With apologies to Mr. Bill Shakespeare, I have pilfered and most certainly diminished his beautiful prose for the purpose of this article . . . names matter, especially the name of your business. That also goes for the URL (Uniform Resource Locator) or domain name you choose to identify yourself on the Internet. Some of you just read those words and thought to yourself, “Too late . . . I’ve had this company name for six years and, good or no good, I ain’t changing it now!” Please, don’t bail out yet. Unless your organization’s named Microsoft, McDonald’s or The New York Yankees, everything associated with your public presence in the marketplace, including your corporate name, should be regularly re-examined. The rule of self-assessment is even more critical when you’re operating in a volatile, expanding medium like the World Wide Web — making your domain name, not just your company name, more important each day.
Beyond the continuous renewal practices that all businesses need to pursue in turbulent times, the surfacing industry itself produces its own dynamic motion that requires perpetual adjustment by management. Of course, the general marketplace is always reshaping itself through environmental changes (i.e., the status of local competition, population trends and demographic changes close to home, etc.). Beyond those macro shifts that you can’t much control, you may have also ratcheted up the need to investigate a change by refining your product offering or more finely targeting your business direction. If so, you now have additional reason to express those changes through a modified or enhanced domain and/or company name. This following list of potential changes to your business in the last few years should help you decide if you need to ante up for another round of “The Name Game.” Note: space doesn’t allow us to properly examine what makes for a good, strong business name in these times (or what naming conventions you may want to actively avoid). Our concern today is knowing when to consider upgrading your corporate handle.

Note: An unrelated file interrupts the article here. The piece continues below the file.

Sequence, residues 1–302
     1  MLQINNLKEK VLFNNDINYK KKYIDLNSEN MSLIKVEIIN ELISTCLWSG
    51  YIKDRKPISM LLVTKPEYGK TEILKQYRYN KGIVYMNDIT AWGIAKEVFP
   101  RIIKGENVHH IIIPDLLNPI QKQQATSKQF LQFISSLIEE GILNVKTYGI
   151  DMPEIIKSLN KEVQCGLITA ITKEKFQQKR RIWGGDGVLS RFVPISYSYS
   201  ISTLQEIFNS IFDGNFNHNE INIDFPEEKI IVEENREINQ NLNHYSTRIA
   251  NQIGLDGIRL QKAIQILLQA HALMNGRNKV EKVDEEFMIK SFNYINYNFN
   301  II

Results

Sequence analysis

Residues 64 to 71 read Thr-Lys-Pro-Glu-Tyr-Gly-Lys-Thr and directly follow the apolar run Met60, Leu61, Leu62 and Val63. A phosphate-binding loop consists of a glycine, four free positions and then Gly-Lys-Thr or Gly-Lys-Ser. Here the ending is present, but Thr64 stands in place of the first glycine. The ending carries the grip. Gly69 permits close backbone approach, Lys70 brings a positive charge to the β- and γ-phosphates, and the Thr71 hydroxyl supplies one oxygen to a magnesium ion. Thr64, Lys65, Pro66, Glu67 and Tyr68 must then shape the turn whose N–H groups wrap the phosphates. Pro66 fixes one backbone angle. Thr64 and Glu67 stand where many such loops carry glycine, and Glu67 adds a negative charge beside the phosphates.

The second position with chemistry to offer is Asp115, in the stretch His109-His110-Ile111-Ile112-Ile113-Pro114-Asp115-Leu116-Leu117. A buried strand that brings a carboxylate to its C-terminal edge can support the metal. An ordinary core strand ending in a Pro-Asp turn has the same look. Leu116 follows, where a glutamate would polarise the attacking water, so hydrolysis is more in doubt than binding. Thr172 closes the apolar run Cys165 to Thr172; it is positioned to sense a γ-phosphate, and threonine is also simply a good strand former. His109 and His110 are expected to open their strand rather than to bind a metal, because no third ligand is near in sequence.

• Have you added granite or engineered stone to your offering?
• Have you chosen to concentrate solely on either solid surfacing or natural surfaces?
• Have you added new services or companion product lines to your business?
• Do you now focus your efforts on a select market or customer niche?
• Have you expanded into new geographical areas?
• Is there new ownership or a new partner to consider?
• Has there been a substantial change in the size or scope of your business?
• Has another company opened up near you with a name that confuses potential customers?